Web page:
Contributed by Linda F. Carson, MD, FACOG
Research suggests that improving communication about HPV vaccination between primary care providers and parents of patients is the most important strategy for increasing vaccination rates in the United States.1,2 When providers positively, or strongly, recommend the vaccine, patients are four to five times more likely to pursue vaccination than they are when a weak recommendation is given.3,4 Unfortunately, primary care providers often give a weak HPV vaccine recommendation5,6 or no recommendation at all.7 When over 3,000 primary care providers in the United States were asked about the barriers to communicating about HPV vaccination with parents, 47% of primary care providers reported that discussing parental concerns took more time than was available at the appointment. Over half (55%) of providers agreed with the statement, “There was nothing I could say to change the minds of parents who wish to delay or refuse vaccination.”8
To address these concerns, Minnesota HPV has launched an ongoing research study to identify a systems-based approach to reversing the low HPV vaccination rates in Minnesota. The initiative seeks to engage healthcare providers where they are—in clinics, schools, pharmacies and other places in the community— and has created a toolkit designed to equip providers with information needed to help promote the HPV vaccine.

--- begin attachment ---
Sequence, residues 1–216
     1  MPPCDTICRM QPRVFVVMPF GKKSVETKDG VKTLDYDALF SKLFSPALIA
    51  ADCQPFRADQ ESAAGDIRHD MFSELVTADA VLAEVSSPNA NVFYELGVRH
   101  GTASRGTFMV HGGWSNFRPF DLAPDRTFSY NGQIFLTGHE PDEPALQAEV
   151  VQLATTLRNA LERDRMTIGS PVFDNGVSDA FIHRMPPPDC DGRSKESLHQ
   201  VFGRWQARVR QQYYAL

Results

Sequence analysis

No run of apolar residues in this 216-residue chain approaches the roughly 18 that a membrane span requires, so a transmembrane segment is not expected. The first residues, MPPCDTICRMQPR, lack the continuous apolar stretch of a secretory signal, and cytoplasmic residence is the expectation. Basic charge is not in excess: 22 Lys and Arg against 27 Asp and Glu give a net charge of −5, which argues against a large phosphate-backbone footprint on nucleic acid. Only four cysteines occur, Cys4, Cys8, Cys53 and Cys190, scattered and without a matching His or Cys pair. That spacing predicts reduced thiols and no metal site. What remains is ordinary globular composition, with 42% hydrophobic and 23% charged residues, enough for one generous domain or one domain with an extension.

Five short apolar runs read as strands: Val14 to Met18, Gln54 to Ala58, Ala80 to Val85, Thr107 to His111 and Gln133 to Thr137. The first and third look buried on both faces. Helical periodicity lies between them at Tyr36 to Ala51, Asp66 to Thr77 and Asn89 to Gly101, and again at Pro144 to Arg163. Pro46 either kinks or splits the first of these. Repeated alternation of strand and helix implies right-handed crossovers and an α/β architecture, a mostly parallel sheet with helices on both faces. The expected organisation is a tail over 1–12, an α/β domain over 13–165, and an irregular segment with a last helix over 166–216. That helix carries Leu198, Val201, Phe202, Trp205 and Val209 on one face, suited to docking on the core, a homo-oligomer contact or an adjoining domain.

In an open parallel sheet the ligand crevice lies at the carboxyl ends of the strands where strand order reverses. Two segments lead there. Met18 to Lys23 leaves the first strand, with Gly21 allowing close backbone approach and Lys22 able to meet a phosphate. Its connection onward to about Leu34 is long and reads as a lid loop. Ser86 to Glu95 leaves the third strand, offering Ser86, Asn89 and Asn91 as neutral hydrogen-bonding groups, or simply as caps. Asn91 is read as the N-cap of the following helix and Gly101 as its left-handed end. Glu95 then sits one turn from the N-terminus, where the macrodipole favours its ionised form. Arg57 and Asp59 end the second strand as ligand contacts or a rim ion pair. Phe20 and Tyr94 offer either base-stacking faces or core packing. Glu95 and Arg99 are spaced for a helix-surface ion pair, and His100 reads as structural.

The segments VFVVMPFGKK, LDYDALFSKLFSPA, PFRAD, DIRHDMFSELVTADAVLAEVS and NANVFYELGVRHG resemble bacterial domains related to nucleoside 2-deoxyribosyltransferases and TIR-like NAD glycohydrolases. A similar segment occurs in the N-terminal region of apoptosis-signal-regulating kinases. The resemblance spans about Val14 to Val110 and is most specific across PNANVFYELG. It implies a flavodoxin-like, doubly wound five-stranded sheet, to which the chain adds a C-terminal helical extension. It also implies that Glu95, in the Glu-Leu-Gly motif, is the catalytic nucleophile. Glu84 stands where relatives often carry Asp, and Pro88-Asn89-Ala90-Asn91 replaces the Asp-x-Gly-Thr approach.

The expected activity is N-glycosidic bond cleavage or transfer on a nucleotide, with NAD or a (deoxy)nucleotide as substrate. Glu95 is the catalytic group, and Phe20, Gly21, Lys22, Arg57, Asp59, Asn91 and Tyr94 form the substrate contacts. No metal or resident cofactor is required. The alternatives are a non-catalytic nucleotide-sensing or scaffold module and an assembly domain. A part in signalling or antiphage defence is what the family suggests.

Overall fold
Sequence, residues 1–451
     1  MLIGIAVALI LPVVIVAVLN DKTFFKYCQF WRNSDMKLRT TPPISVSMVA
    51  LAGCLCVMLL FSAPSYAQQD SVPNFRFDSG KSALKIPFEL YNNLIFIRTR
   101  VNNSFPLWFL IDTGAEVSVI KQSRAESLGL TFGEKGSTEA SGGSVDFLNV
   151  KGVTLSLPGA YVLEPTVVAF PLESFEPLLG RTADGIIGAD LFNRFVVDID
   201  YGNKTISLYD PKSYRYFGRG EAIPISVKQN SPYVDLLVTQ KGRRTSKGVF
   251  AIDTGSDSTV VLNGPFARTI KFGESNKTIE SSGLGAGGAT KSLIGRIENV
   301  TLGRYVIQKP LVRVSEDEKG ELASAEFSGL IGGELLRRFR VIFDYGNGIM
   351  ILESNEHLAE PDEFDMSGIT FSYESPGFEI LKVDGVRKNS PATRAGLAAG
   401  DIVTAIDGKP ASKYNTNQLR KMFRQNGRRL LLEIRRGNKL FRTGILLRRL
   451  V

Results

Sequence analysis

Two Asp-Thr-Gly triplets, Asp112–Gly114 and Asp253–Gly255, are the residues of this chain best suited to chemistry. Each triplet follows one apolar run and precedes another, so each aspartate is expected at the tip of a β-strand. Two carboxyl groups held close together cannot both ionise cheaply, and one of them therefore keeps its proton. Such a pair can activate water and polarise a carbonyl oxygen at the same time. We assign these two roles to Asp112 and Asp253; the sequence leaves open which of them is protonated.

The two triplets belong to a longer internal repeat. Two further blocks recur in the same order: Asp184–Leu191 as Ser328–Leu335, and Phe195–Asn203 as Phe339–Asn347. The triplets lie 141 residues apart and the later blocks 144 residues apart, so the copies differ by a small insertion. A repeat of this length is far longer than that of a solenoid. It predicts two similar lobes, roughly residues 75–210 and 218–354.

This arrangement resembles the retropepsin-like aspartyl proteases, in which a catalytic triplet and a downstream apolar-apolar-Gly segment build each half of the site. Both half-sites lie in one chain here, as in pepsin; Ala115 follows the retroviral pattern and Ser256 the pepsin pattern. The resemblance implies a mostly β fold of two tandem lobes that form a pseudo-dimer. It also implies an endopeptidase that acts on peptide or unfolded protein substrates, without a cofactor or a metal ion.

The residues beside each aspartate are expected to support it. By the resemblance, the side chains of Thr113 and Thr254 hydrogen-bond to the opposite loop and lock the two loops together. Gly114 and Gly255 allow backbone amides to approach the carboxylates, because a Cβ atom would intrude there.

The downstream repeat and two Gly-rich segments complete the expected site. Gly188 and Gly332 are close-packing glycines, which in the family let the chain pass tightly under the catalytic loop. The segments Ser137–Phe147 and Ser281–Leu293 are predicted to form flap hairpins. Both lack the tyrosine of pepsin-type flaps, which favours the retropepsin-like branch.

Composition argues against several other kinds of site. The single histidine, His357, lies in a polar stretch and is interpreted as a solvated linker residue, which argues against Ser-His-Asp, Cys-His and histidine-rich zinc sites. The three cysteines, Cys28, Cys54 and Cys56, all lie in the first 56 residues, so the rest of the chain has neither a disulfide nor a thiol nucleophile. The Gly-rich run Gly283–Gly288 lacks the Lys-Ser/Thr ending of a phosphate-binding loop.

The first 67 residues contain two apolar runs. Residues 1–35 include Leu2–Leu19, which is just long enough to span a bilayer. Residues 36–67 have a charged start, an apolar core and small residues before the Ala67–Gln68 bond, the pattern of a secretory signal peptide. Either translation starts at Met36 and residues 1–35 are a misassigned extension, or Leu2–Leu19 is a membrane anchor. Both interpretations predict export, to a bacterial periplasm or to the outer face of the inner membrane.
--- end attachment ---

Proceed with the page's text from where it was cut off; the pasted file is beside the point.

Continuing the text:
To bring the toolkit to healthcare providers across the state, Minnesota HPV has teamed up with University of Minnesota Medical School’s Rural Physician Associate Program (RPAP). RPAP enables third-year medical students to live and train for 9 months in non-metropolitan communities, working under the supervision of preceptors who are family physicians. Partnering with Minnesota HPV, RPAP students are being trained to work with rural providers to identify barriers to HPV vaccination uptake (including difficulties in communicating with parents) and to help implement evidence-based solutions. Data on vaccination rates gathered before and after implementation of the program will be tracked and reported. Information on vaccination rates in communities without Minnesota HPV-partnered RPAP students will be tracked as comparative data.
The HPV vaccine could potentially reduce HPV-induced cancers by one-third, yet vaccination rates lag. An M Health physician helps lead an initiative designed to support physicians in encouraging use of the vaccine.Continue reading